Vin’s experience with drugs and HIV

Vin has no job and already feels like a disappointment to his mother and siblings. The thought of them finding out about his drug use clearly causes him even more pain.

Vin has no job and already feels like a disappointment to his mother and siblings. The thought of them finding out about his drug use clearly causes him even more pain.

He looks at his friends, who are playing snooker nearby him. “I never let my mother or my siblings know about my drug use. If they know, they will get angry with me. I wish to see my lovely mother smile at me all the time, and I also want to help her because she is old now.”

Vin is 25 years old and lives in Battambang province, Cambodia. He is the fifth brother in a poor family. His mother is a widow and a single mother of eight children. Vin couldn’t attend school because his mother couldn’t support him, so he decided to drop out of school when he was in 6th grade.

Fear and shame

He said: “Before I started to use drugs, I used to work as a blacksmith in Battambang province for a short time, but I got low wages so I could not feed myself. I decided to resign and stay home.

“Then I went to a drop-in center occasionally. It is run by Opérations Enfants du Cambodge, which is the implementing partner of KHANA [a member of the International HIV/AIDS Alliance] in Battambang province. I come to this center because I meet my friends, share experiences with my friends, and receive education on HIV, sexually transmitted infections and sexual health.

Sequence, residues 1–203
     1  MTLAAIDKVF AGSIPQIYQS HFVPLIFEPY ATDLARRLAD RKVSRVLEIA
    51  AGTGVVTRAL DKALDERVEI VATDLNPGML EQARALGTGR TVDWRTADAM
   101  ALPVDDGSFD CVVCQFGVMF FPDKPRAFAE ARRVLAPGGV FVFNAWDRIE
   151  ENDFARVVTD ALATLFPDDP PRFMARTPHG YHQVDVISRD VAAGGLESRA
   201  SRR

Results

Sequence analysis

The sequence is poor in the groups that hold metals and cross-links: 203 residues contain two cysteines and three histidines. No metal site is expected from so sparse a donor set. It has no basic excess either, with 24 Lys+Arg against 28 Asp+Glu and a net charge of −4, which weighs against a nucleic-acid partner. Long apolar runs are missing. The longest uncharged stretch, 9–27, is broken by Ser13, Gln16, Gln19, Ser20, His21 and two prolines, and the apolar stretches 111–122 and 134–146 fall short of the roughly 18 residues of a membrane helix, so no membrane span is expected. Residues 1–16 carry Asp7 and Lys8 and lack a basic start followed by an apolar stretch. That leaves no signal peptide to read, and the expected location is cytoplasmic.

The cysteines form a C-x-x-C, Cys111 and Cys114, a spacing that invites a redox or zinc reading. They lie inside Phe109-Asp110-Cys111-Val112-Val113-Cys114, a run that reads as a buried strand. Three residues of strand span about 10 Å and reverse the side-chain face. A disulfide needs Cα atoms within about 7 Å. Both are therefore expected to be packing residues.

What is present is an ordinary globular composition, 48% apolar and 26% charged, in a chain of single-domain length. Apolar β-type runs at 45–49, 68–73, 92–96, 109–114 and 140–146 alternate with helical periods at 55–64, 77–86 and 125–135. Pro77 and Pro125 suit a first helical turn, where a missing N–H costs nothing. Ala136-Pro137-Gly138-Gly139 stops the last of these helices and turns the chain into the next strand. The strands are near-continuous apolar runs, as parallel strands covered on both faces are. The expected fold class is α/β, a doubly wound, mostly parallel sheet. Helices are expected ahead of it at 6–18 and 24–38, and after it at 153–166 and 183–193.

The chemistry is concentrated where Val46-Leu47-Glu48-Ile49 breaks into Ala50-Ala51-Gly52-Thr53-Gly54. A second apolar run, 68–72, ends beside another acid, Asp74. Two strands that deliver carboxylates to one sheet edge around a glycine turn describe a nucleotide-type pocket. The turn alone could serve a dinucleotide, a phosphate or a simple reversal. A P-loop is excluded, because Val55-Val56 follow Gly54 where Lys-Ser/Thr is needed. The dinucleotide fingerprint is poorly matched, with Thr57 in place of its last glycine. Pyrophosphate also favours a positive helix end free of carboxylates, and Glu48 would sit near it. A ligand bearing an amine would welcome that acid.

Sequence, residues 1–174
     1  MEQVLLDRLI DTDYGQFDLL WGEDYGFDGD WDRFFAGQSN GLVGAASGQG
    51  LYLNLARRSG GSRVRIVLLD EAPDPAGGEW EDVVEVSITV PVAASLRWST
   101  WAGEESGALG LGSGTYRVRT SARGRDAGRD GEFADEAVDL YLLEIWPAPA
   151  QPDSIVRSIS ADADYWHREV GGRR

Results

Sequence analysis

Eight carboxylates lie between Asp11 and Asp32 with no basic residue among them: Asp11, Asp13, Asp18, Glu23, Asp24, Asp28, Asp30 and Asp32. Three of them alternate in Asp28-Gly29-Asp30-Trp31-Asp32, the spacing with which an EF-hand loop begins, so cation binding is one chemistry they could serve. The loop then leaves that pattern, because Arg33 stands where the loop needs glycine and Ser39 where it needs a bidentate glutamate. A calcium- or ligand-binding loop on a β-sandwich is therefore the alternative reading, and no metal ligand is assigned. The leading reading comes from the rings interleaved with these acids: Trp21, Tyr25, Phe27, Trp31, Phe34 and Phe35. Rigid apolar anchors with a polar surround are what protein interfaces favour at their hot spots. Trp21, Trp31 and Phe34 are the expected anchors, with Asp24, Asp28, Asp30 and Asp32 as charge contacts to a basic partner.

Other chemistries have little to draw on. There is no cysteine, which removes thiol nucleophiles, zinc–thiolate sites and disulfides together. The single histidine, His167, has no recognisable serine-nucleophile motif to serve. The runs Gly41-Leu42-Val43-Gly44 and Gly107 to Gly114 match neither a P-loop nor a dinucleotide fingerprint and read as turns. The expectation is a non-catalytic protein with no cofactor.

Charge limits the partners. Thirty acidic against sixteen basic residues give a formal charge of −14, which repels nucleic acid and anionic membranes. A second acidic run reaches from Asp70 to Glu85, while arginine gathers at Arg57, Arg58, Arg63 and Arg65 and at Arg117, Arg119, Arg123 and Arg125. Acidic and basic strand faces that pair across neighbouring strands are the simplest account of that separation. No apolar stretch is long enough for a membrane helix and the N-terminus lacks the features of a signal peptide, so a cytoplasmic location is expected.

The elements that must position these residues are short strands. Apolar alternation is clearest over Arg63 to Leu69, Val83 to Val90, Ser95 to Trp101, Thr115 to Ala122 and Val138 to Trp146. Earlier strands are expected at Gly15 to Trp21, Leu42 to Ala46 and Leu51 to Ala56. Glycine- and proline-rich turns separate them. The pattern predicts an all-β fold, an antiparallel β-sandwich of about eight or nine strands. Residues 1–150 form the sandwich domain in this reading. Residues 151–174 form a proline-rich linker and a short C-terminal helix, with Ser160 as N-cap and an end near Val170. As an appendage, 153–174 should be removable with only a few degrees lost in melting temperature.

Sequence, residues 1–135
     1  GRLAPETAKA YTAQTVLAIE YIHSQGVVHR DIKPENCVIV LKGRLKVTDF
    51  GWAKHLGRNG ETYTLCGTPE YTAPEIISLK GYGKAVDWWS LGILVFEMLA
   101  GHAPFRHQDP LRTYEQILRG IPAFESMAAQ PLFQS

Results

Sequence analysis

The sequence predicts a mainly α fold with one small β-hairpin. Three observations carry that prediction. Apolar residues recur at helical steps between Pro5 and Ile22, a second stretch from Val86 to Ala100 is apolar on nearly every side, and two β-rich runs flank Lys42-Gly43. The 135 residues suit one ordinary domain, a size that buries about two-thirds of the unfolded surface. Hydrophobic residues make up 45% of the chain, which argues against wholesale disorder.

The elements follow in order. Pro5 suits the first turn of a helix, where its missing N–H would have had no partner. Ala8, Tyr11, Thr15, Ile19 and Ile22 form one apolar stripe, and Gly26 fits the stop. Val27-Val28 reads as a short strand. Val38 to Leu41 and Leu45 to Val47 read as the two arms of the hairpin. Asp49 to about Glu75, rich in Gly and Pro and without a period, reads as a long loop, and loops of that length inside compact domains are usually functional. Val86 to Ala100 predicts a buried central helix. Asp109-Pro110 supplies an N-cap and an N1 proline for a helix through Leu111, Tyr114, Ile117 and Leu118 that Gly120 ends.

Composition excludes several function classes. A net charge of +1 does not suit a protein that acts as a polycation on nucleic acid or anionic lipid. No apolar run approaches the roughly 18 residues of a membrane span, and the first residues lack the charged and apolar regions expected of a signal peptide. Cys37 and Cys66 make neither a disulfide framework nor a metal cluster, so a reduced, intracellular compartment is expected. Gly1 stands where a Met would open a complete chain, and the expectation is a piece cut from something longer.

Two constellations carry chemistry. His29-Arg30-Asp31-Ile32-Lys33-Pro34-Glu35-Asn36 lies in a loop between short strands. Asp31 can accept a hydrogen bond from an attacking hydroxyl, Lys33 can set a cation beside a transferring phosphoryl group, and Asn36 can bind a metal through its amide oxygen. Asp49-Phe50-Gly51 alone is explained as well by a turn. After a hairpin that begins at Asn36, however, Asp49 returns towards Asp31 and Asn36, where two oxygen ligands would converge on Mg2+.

“However, I have never gone to see a doctor at the government health center because I feel ashamed. I have had many sexual partners, but sometimes I use a condom and sometimes I don’t. I also feel afraid that I have received HIV or a sexually transmitted infection from a partner.”

According to a 2013 report from the Ministry of Health (pdf), approximately 13,000 people use drugs, but the actual number is probably far higher. HIV prevalence among Cambodians who use drugs is estimated to be 1.1%, but it’s a startling 24.4% for people who inject drugs, partly because of sharing needles and equipment but also because people who inject drugs are less likely to use condoms.

Living with hope

Vin said: “I don’t know what will happen in the future if I cannot stop using drugs and have no job. I am not sure who would want to marry me if they know I use drugs.”

Vin believes that organizations, the government and other stakeholders should establish a free rehabilitation center for people who use drugs. The center should train its clients in vocational skills and help them live with the same hope as people who do not use drugs.

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